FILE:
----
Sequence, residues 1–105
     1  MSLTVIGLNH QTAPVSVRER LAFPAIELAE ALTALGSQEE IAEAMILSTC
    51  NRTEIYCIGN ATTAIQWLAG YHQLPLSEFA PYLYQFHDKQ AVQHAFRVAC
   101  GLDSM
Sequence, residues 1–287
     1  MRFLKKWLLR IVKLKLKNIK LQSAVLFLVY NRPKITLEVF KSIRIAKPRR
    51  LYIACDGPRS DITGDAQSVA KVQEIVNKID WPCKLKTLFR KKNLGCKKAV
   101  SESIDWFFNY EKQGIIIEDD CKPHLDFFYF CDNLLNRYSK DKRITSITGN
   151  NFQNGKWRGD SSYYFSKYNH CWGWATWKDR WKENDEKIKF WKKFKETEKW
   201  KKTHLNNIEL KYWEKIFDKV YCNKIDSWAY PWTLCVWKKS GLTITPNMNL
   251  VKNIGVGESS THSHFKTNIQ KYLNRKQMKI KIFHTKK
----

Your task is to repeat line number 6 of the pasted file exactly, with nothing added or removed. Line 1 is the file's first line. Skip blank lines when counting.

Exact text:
     1  MRFLKKWLLR IVKLKLKNIK LQSAVLFLVY NRPKITLEVF KSIRIAKPRR